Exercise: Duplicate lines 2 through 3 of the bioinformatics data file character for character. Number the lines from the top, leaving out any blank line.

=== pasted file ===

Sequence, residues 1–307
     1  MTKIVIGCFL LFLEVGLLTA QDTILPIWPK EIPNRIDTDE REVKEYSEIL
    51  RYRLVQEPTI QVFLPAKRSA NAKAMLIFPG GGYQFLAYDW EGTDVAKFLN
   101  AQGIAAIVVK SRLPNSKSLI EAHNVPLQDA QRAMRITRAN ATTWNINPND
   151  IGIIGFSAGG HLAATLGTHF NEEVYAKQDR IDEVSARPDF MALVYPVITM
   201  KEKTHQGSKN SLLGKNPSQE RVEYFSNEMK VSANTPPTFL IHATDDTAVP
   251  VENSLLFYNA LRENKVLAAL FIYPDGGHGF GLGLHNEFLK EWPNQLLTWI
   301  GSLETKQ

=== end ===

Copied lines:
     1  MTKIVIGCFL LFLEVGLLTA QDTILPIWPK EIPNRIDTDE REVKEYSEIL
    51  RYRLVQEPTI QVFLPAKRSA NAKAMLIFPG GGYQFLAYDW EGTDVAKFLN